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Which Side Are You On? Inequality and the Case for Unions

Tim Koechlin The Huffington Post
The Right insists that working class Americans are falling behind because of overly-generous "entitlements" and overpaid public sector employees. In reality, the lost income of workers -- union and non-union, black and white, male and female, public sector and private sector -- can be found in the pockets of the 1 percent. With the decline of unions over the past several decades, wages have stagnated and the "American Dream" has drifted out of reach for millions.

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An Historic Victory for Target Janitors

Lucas Franco Talking Union
This is a precedent setting agreement for the Twin City region, Minnesota and even the nation. Many of the workers affected by this new deal with Target represent a segment of the work force that has often been considered “unorganizable.” Language barriers and use of immigration status to threaten workers have all been contributing factors in explaining the difficulty in organizing vast segments of low-wage workers in the United States.

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Who Is Behind the National Right to Work Committee and its Anti-Union Crusade?

Jay Riestenberg and Mary Bottari The Progressive
If the U.S. Supreme Court rules in favor of a lawsuit filed by the National Right to Work Legal Defense Foundation, every state in the country would essentially turn into an anti-union "right to work" state, which would be a significant blow to public sector unions' collective bargaining efforts and also complicate thousands of existing contracts between organized workers and municipalities, cities, counties, and states across the country.

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Labor Takes Historic Stride Forward as Walmart Joins Fair Food Program

Barry Estabrook Civil Eats
The Fair Food Program is unique in that it creates a legal framework linking laborers, tomato farm owners, and final purchasers of tomatoes. The purchasers have agreed to pay an additional penny per pound for the tomatoes they buy. In turn, the producers pass that penny directly along to the workers. A penny-a-pound might sound like a pittance, but it represents a 50 percent raise, the difference between making $50 and $80 a day.

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Two Roads Forward: The AFL-CIO's New Agenda

Nelson Lichtenstein Dissent Magazine (Winter 2014)
The AFL–CIO is a multifaceted institution composed of scores of autonomous unions, so President Richard Trumka’s leadership can hardly turn around this cumbersome vessel all that quickly. But the new emphasis is clear: the unions should ally with progressive partners and devote more energy to make the kind of changes in social policy that can benefit millions of poorly paid and insecure workers.

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Strikes, Alliances, and Survival

Harold Meyerson The American Prospect
Out of sheer existential necessity, then, unions have entered a period of experimentation. The fast-food campaigns that SEIU is backing won’t plausibly conclude with a contract with McDonald’s and Wendy’s. The more likely scenario is that those protesting will try to win minimum-wage increases for workers—either generally or in particular industries—at the city level, either through the vote of city councils or of voters at the polls.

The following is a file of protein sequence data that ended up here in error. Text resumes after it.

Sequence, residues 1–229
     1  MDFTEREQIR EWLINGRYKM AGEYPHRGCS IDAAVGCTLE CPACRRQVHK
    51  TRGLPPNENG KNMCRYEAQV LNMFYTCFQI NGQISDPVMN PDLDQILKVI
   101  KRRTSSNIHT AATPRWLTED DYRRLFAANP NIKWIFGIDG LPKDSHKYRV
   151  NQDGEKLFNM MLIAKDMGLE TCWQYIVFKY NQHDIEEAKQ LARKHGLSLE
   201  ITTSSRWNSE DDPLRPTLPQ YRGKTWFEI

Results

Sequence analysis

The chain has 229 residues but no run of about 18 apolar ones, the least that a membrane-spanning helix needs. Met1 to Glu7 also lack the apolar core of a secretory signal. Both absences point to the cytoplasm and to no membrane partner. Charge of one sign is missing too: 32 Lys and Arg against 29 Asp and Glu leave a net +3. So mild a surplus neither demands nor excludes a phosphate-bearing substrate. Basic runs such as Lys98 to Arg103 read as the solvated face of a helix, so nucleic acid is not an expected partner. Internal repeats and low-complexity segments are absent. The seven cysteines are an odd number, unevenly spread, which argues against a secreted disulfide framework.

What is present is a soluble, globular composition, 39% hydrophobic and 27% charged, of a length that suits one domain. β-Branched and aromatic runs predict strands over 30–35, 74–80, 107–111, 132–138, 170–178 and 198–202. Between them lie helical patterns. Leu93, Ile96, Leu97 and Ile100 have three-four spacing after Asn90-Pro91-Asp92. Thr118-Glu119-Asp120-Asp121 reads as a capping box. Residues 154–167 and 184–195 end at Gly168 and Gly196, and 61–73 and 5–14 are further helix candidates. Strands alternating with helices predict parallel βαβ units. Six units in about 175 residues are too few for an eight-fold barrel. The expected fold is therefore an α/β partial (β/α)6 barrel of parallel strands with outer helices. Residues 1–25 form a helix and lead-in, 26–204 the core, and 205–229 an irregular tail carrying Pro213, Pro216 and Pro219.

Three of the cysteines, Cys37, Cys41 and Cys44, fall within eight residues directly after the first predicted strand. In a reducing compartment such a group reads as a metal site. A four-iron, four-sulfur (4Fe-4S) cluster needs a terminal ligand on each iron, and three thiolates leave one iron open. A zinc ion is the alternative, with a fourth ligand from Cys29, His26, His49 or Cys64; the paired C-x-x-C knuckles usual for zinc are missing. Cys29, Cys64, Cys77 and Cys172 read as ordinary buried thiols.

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America's Class War: A Dispatch From the Front

Lee A. Saunders The Huffington Post (Huff Post Politics, The Blog)
No corporate CEO will ever negotiate on behalf of his or her company's employees, keeping their interests as the top priority. So who will? It would be nice to think that the public officials we elect protect the interests of America's working women and men. But too many politicians from both major parties are failing to stand up for the American worker. Who's left? Unions.

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NLRB Poster Rule Likely Dead After Second Federal Court of Appeals Ruling

Amanda Becker Reuters
The decision on Friday by the 4th U.S. Circuit Court of Appeals rejected a 2011 rule that required employers to post, physically or electronically, a notice describing workers' rights under the National Labor Relations Act. It was the second time in as many months that a federal appeals court has rejected the rule, after the District of Columbia Circuit Court of Appeals said last month the poster rule violated employers' free speech rights.

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NYC Fast-Food Workers Fight Back Against Super-Sized Corporations

Peter Rugh The Indypendent
The ongoing organizing effort of fast-food workers has highlighted the highly exploitative conditions faced by those at the deep fryers and cash registers of America’s most profitable fast food outlets, which include Burger King, McDonald’s, Dominos, Pizza Hut and KFC. The actions and considerable media attention has also begun to chip away at the conventional image of a fast-food worker as someone who bears her servitude with a youthful grin.
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